Between late 1979 and the end of 1989, there were nearly 500 (real) one-hit wonders of the 80s that reached the BILLBOARD Hot 100 just one time, a list that includes Soft Cell, Gary Numan, Timbuk 3, The Church, Bronski Beat, Nik Kershaw, The Buggles, The Waitresses, Ultravox and two different bands named The Silencers. Once a week, I’ll highlight a (real) one-hit wonder for you.
After years of playing in various bands in the Toronto, Ontario, Canada area, in 1982, brothers G.P. and Chris Partland (from a small town north of Toronto) entered a radio contest showcasing their musical talents, and it caught the ears of Capitol Records. They formed in 1983 as a Pop Rock duo, and in 1986, their first album, ELECTRIC HONEY, was released.
From ELECTRIC HONEY was their debut single, “Soul City.” On this date (May 2) in 1987, it was the highest-debuting song of the week on the BILLBOARD Hot 100, coming in at No. 77. Within 6 weeks, it debuted on the Top 40 of the Hot 100, and spent a quick week at No. 27 in late June 1987. The great harmonies the brothers shared on “Soul City” also brought the song in to the Top 30 in Canada, and they were nominated in 1987 for a Juno Award (the Canadian equivalent of the Grammys) for Most Promising Group.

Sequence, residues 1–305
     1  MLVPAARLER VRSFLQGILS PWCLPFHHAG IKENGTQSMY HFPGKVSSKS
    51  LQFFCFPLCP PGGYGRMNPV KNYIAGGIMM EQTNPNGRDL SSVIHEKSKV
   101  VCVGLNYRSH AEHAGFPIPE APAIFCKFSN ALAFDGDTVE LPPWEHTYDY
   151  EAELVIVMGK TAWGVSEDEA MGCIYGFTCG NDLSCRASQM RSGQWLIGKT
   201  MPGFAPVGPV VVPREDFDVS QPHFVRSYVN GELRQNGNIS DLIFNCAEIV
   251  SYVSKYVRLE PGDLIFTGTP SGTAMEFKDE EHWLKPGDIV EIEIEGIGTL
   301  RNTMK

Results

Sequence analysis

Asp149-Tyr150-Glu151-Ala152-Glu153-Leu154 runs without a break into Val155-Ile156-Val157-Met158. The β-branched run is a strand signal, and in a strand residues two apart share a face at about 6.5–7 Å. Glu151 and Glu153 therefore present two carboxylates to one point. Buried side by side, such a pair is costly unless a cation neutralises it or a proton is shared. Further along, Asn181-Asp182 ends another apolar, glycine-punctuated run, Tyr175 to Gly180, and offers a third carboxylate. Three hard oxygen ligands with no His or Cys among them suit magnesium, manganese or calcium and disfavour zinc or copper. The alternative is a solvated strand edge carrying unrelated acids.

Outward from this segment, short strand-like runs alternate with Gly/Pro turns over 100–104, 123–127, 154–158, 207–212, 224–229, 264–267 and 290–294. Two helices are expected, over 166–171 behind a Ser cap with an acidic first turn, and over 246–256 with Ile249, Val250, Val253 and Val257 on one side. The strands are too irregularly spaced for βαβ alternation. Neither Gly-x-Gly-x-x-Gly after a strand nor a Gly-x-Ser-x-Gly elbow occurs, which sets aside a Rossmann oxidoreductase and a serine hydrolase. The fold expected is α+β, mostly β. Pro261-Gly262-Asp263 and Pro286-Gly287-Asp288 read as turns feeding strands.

The brothers went on to tour with The Moody Blues and The Beach Boys, appeared on shows like AMERICAN BANDSTAND and THE LATE SHOW WITH ARSENIO HALL, and “Soul City” would spend a few months on the Hot 100, and that was the only time The Partland Brothers would grace the American singles chart (same for the Canadian singles chart).
Undeterred by their short-lived chart success, the brothers kept on releasing albums (five total, with the latest being 2011’s EVERY NOW…AND AGAIN), and they continue to tour, on their own and backing Arkansas Rockabilly legend Ronnie Hawkins, where he found much success in Ontario over the years, and was made an Honourary Officer of the Order of Canada a few years ago.
Though I never really fully got into the music of The Partland Brothers, I never forgot this song, and I do enjoy taking that laid-back trip to “Soul City” now and again, a 4-minute anthem about going out, having a good time and not coming back “til the money’s all gone…”